Liqueurs

Liqueurs
Liqueurs are mixtures of spirits, sweeteners, and flavorings like herbs, fruits, nuts, and flowers. They're sometimes served as after-dinner drinks, but they're more often poured on desserts or mixed into cocktails, milk, or coffee. Some cooks buy miniature bottles of liqueurs to conserve on money and cabinet space.
absinthe
absinthe
This potent anise-flavored liqueur contains the narcotic herb wormwood, so it isn't available in most developed countries. If you wish to live dangerously, you might be able to find it in Spain.
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apéritif
apéritif
Apéritifs are alcoholic drinks that, like appetizers, are served before dinner to perk up the appetite and wake up the taste buds. Examples include fortified wines, herbal and bitter liqueurs, and sparkling wines. Europeans often prefer these over cocktails.
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crème liqueurs
Despite the name, crème liqueurs contain no cream. Instead, they're liqueurs that have been heavily sweetened and have a thick, syrupy consistency. Don't confuse them with Irish cream liqueurs, which really are made with cream.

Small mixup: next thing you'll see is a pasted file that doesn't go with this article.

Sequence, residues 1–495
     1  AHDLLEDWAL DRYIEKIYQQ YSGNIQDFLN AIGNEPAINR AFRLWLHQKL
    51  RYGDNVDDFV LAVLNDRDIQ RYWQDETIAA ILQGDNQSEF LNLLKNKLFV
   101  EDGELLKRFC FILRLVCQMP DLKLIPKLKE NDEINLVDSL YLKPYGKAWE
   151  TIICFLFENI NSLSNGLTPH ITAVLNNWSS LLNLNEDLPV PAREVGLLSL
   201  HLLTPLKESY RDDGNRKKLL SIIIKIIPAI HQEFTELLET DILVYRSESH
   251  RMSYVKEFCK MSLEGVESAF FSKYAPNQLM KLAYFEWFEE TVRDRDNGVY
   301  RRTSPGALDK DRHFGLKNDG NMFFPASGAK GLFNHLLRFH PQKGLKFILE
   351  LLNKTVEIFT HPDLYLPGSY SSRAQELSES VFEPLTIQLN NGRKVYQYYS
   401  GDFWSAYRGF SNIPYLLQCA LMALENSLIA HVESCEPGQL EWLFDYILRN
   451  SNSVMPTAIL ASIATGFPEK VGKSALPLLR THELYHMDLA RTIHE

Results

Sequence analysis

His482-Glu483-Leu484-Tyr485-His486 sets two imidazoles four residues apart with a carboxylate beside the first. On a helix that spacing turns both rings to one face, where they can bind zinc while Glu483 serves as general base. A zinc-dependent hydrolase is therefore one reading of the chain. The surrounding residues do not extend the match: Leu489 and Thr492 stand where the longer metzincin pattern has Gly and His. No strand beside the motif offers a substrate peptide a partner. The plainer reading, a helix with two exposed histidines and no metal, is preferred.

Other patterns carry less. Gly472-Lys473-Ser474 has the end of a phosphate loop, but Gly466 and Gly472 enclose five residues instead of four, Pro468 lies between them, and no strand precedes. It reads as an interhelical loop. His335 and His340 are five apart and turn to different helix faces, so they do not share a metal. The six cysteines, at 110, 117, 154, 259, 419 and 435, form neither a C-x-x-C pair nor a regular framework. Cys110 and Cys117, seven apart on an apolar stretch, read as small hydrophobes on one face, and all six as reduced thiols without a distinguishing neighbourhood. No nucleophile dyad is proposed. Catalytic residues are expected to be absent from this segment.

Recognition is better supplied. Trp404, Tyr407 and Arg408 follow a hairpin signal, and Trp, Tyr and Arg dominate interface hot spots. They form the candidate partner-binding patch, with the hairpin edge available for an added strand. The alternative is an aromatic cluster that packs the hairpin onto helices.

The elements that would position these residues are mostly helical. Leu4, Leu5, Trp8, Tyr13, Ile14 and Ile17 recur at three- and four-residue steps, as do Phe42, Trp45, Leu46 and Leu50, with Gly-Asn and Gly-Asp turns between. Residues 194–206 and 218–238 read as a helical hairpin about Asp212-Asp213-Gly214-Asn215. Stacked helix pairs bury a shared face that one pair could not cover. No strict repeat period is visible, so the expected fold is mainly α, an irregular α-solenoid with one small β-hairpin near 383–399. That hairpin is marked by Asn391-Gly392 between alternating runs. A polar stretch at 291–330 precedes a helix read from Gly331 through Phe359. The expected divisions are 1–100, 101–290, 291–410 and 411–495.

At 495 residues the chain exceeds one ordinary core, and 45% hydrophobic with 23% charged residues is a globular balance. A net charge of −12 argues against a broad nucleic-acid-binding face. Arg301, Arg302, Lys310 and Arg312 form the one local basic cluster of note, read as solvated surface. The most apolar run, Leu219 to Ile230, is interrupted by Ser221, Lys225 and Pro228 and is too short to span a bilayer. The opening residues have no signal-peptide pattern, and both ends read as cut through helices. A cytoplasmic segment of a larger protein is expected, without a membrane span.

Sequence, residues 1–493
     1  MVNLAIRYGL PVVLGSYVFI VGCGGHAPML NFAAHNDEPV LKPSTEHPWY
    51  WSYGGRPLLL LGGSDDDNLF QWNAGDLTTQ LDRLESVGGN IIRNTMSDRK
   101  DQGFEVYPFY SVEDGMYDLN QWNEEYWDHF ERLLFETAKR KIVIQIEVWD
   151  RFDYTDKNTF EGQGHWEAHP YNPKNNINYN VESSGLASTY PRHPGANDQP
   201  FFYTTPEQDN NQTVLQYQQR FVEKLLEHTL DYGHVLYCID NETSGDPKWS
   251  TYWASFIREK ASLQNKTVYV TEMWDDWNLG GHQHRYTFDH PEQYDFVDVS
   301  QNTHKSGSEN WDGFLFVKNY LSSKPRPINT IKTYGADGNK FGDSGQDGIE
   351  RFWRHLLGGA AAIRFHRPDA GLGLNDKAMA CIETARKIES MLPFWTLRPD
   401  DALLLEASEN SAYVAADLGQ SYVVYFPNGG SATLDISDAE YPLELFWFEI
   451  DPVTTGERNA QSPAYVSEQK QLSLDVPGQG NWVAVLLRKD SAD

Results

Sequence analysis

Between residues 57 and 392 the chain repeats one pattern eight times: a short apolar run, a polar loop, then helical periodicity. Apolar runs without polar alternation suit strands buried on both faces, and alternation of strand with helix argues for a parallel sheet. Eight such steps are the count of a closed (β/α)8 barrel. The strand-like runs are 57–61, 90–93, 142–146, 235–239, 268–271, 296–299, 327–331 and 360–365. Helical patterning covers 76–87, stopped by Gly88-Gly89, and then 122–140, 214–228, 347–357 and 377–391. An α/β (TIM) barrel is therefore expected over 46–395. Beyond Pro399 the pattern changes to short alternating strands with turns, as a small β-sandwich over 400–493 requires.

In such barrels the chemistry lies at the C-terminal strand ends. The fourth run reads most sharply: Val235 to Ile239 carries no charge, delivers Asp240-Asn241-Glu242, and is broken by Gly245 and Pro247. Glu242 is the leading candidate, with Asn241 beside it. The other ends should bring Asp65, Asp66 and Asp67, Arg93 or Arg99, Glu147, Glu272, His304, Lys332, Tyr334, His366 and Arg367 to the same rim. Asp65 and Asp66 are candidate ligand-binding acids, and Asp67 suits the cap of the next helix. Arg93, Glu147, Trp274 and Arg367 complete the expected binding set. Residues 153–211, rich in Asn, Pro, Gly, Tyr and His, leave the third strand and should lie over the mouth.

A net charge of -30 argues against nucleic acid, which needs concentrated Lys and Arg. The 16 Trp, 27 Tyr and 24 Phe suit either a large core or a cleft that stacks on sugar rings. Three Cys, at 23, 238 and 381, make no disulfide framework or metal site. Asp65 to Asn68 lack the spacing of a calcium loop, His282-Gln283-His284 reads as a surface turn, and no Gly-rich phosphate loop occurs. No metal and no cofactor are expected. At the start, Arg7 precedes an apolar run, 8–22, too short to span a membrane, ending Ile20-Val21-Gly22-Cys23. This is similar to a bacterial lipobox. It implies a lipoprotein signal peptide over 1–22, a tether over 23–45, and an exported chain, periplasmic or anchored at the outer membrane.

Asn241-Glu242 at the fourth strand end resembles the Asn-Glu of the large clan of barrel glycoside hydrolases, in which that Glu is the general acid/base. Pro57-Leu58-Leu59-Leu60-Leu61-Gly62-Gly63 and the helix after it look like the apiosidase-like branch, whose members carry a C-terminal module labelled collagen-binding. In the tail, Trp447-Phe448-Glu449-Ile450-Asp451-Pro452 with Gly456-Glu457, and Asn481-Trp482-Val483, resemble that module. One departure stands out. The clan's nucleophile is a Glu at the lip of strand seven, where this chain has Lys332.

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liqueur
liqueur
Liqueurs are mixtures of spirits, sweeteners, and flavorings like herbs, fruits, nuts, and flowers. They're sometimes served as after-dinner drinks, but they're more often poured on desserts or mixed into cocktails, milk, or coffee. Some cooks buy miniature bottles of liqueurs to conserve on money and cabinet space.
Learn more
schnapps
schnapps
In the United States, schnapps are flavored liqueurs based on neutral spirits. The flavorings vary widely, and include peppermint schnapps, root beer schnapps, peach schnapps, and cinnamon schnapps. These flavored schnapps can be sweet or dry, but most are sweeter and lighter than a typical liqueur. In Germany and Scandinavia, schnapps refers to any spirit that's dry and potent, like kirsch and aquavit.
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